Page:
b) see no reason to get duped into buying yet another "make do" eeked out variant of apple's current ancient (and laughably called "Power") mac line



    c) are desperately waiting for a kick ass pentium killer so they can justify the cahs on a new machine for X



    d) want to run Director, Quark etc.



    e) don't ever want to see a cli



    f) hate the idea of having any file on their macs that has a Unix-ish name (which is frighteningly similar to the names of files you might see in a typical Wiundows folder)



    g) have just spent big in the last 12 months on upgrades but still don't have X versions of all their key apps - upgrade again?

    </strong><hr></blockquote>



    OUCH!!!!!!!





    <img src="graemlins/bugeye.gif" border="0" alt="[Skeptical]" />
  • Reply 16 of 45
    macguymacguy Posts: 22member
    I still run 8.6 on a 6500/275...



    On it right now.



    I used to think of myself as a hard-core mac user until i realized just now that I haven't even seen Mac OS X in action yet...



    Feeling a little out-dated here.



    [ 08-03-2002: Message edited by: Macguy ]</p>
  • Reply 17 of 45
    Apple needs to kill 9 soon or this'll keep dragging on and on. If a developer is not committed to X they don't deserve to be on a mac!



    All new hardware should only boot into X, but classic can run from within.



    They gotta do this soon. If places already have large investments in OS 9 software well then that's fine but if they want new hardware they will then have to make the transition to X completely.
  • Reply 18 of 45
    leonisleonis Posts: 3,427member
    [quote]Originally posted by spooky:

    <strong>what about people who love their macs but:



    a) hate X with a passion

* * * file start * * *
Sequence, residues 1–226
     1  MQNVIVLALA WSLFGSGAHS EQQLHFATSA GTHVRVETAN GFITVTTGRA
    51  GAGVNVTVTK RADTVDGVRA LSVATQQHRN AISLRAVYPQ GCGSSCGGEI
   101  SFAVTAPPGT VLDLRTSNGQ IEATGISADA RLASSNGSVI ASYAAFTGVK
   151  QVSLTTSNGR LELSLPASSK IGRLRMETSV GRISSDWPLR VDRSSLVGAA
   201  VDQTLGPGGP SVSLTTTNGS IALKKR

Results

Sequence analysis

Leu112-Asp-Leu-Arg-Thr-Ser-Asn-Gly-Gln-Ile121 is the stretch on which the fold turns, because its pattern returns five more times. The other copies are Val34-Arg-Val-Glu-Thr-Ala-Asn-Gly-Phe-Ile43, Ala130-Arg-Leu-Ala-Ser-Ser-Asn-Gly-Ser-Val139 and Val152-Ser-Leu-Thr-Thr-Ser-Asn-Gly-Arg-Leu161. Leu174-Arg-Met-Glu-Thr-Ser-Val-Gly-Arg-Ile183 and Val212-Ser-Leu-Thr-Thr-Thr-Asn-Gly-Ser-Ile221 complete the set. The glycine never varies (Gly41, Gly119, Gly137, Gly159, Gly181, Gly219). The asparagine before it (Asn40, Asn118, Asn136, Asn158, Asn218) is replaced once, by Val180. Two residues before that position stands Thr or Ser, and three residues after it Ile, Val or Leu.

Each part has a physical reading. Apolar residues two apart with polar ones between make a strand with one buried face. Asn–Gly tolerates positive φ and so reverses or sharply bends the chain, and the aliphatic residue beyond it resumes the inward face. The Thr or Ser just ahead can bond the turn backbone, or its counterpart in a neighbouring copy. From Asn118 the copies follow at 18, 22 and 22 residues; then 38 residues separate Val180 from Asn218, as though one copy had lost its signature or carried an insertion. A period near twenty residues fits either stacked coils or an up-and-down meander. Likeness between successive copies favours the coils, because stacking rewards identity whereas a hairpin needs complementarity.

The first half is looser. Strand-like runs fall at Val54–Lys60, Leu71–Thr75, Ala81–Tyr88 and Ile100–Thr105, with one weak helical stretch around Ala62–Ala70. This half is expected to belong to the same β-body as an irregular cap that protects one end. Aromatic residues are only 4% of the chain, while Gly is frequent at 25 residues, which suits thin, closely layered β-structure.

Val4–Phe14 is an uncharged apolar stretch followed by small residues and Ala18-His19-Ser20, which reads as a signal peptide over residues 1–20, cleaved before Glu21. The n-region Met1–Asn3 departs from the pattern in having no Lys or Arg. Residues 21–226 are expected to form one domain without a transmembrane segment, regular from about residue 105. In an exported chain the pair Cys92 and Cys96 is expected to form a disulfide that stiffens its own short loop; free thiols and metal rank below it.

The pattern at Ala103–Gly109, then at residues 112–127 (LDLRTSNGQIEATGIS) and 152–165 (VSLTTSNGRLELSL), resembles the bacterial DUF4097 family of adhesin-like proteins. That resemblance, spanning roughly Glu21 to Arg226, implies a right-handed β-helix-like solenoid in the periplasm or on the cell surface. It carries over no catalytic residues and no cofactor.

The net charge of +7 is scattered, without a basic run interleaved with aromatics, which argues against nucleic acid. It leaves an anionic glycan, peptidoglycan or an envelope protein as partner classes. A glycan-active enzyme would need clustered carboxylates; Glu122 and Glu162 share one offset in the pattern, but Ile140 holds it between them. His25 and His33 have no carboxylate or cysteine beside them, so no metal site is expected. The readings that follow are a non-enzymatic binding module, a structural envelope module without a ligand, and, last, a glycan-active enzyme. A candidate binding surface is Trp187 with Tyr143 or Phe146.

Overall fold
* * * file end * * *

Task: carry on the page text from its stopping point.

b) see no reason to get duped into buying yet another "make do" eeked out variant of apple's current ancient (and laughably called "Power") mac line



    c) are desperately waiting for a kick ass pentium killer so they can justify the cahs on a new machine for X



    d) want to run Director, Quark etc.



    e) don't ever want to see a cli



    f) hate the idea of having any file on their macs that has a Unix-ish name (which is frighteningly similar to the names of files you might see in a typical Wiundows folder)



    g) have just spent big in the last 12 months on upgrades but still don't have X versions of all their key apps - upgrade again?



    To get X flying apple has to win (or force) market share. PC users won't switch as they perceive macs to be old hat - nice looking - but old hat. The alternative is to buy Adobe and Macromedia and cease windows versions



    isn't it sad that XP seems to be selling like the proverbial hot cakes yet the loyal mac faithful don't seem inclined to welcome X with open arms wholesale?</strong><hr></blockquote>





    [ 08-04-2002: Message edited by: Leonis ]</p>
  • Reply 19 of 45
    Someone in a related thread had asked how Apple could keep Macs from booting MacOS 9 without modifying the hardware.



    There are alternative ways, like:



    Not updating MacOS 9 to support the new hardware, so that the only way it can run is as Classic, with MacOS X handling hardware details.



    Skipping MacOS-9 support in the new Macs' firmware, so that they are unable to boot MacOS 9.
  • Reply 20 of 45
    kickahakickaha Posts: 8,760member
    Bingo.



    Doesn't anyone remember those System Enablers we used to deal with?



    Every newly released machine shipped with a little patch file that let it run the current MacOS. When the next MacOS version came out, the extension would be rolled into the guts of the system.



    Basically *ALL* Apple would be doing is not producing new System Enabler extensions for new hardware... MacOS 9.2.2 would therefore not run on it.



    That's it. Simple.



    No one is saying that upgrading to 10.3 (or 4, or 5, or 8, or 15...) will suddenly keep your old machine from booting 9 - that's just dumb. They're just saying that *NEW* hardware from Apple may not boot directly into 9. This is just common sense. If 9 has to be updated to run on new hardware, and they're no longer updating it...



    However, because Classic sets up a virtual machine for MacOS 9.x to run in, it would still run in Classic. (Classic provides a buffer between the actual hardware and 9 - as far as 9 is concerned, it's running on a real machine... call it PowerMac Classic. That 'machine' specification will never change, no matter what the actual hardware does, so 9 always runs in Classic.)
Sign In or Register to comment.